The other major component of Bush's and Obama's combined fraud was the notion the federal government could more wisely pick-and-choose how to distribute and award a combined $1.5 trillion than the people of the United States of America.
Let's say for the sake of argument I agreed with the Washington braintrust that T.A.R.P. and the so-called Stimulus were absolutely necessary to prevent economic armageddon two-and-a-half years ago. If it were up to me, I would have taken that $1.5 trillion and evenly disbursed it to every household which was under mortgage at that time. Based on my research for this statistic, in the late months of 2008 that would be (very) roughly 50 million homes. So, with my plan, almost 50 million households would have received a U.S. Department of Treasury check for approximately $30,000 each.
Common sense dictates that in light of the urgent nature of the situation for both the U.S. economy and the international market, the vast majority of those recipients would have done the right thing with that money and paid enough to their respective lenders to at least get current with their mortgages. Most, I’m inclined to believe, would have used enough sense to even pay-off several additional months’-worth of mortgage payments – which would have helped those homeowners knock-down the principle of those debts, thus significantly reducing their monthly due amounts.
For some, $30,000 would be enough to pay the remaining balance in full and rid themselves of that form of debt.
At the very least, this activity would have led to a flood of about $1 trillion into the American financial sector as the people at-large began feverishly making payments to save their homes.
These speculations leave about half-a-trillion dollars still to be used, which (again) common sense dictates many of the recipients would have opted to buy a new car – thus eliminating the need for the automotive bailouts. Unspent portions beyond that would have led to a surge of cash flow in domestic retail markets and created a genuine recovery from the nightmare.
A small percentage, of course, would have gone into savings and other retirement/"rainy day" accounts. But even that option would have had positive benefits as still just $10-to-20 billion (just… *sigh*) out of all that would have shored-up the liquidity of banks nationwide and boosted confidence in financial markets.
And then, there is the largely unexamined positive consequence of tackling the 2008 crisis in the manner described above.
Over the course of 2008 through 2010 a total of roughly 8 million homes were foreclosed-upon (that doesn’t include the 1.3 million in 2007, when the housing bubble began to burst). For the purpose of simpler math (and due to the absence of the hard data on this) let's assume more than half of those mortgages had two (or even more) signatures (spouses, co-signing parents, etc.) on them.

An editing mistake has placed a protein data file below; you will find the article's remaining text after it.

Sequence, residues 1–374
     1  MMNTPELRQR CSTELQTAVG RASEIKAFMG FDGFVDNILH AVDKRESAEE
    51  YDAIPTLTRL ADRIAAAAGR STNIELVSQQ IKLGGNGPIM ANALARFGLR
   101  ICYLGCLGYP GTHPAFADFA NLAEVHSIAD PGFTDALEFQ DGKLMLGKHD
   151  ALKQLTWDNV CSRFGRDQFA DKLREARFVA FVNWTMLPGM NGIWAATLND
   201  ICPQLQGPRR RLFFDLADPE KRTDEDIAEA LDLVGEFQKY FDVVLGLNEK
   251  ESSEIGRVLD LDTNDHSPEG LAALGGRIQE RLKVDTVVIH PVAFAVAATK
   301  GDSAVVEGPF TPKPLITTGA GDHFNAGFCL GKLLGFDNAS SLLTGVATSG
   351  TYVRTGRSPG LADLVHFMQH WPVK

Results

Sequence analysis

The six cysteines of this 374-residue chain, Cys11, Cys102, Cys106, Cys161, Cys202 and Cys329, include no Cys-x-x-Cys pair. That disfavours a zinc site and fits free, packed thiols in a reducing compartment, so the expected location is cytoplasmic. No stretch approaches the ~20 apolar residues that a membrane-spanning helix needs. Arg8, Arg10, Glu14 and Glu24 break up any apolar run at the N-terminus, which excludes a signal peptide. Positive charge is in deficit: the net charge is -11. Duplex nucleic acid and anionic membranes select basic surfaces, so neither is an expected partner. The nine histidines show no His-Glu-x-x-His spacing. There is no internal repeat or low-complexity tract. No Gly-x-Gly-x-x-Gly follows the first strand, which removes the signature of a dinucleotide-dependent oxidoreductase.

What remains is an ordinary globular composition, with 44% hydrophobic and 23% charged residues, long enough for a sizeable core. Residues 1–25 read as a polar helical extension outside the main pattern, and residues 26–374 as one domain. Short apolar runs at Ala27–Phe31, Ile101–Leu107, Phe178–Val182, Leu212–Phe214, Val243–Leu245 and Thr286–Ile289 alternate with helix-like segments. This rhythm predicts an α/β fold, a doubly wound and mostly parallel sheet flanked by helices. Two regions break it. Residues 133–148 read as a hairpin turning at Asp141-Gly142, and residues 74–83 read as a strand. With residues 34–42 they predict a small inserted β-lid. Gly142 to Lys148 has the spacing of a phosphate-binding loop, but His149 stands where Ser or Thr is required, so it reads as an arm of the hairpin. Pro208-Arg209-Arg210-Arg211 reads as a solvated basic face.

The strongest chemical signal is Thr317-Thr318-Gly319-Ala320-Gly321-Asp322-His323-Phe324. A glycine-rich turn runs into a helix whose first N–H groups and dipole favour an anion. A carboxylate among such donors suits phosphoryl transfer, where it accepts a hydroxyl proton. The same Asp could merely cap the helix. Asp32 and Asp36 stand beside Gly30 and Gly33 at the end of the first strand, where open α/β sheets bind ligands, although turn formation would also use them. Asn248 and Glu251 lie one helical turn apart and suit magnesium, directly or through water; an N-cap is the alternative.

Now, by bypassing the homeowners and lending $700 billion directly to the banks and other financial sector entities in the manner the Bush Administration did, nearly 15 million people since then now have a foreclosure hanging like an albatross over their credit histories. If you believe in a borrow-and-spend-on-credit economy much like so many politicians advocate today, this means there are now as many as 15 million adults who have been completely taken out of that portion of the economy. Their credit ratings are far too deep in disrepair for any of them to be able to establish credit again for the remainder of this decade.
This is the ongoing complication to the American economic picture that will play as significant of a role in preventing recovery as any other factor.
And no one is talking about this.
But, had anyone in the capitol actually taken a moment to think things through in the waning months of 2008 and handled the bailout intelligently – as opposed to the money carrousel that played-out – it would have served, unfortunately, to only cement in the minds of the general public this misguided notion that all the solutions to society's ills can be found in government action.
They're all experts, don’t you know.
Here in 2011, despite growing public sentiment against further expansion of government, to push to do just that continues to gain steam among our elected so-called leadership.
The push is on for greater control of our energy sources.
The push is on for greater control of the financial sector.
The push is on for greater control of our food supplies.
The push is on for micromanagement of the health care industry.
The push is on for unprecedented control over the Internet.
And so on…
So, let me get this straight, the same government that has:
Given us the compassion of the IRS;
Given us the efficiency of the U.S. Postal Service;
Given us the effectiveness of the Katrina response;
Given us the promptness of the Gulf oil spill response;
Executed a "War on Drugs" that has cost $1 trillion over 40 years and accomplished squat;
And has managed our children's education for the past 40 years…
This same government somehow can be counted-on to manage our health care, our financial sector, our nutritional needs, our energy supplies, and automotive companies?
What will it take? When are we going to finally come together as a nation and say, "Enough is enough?!"
And why, you may ask, do I want to see this take shape?
Because I’m mad as hell and I’m not going to take it anymore!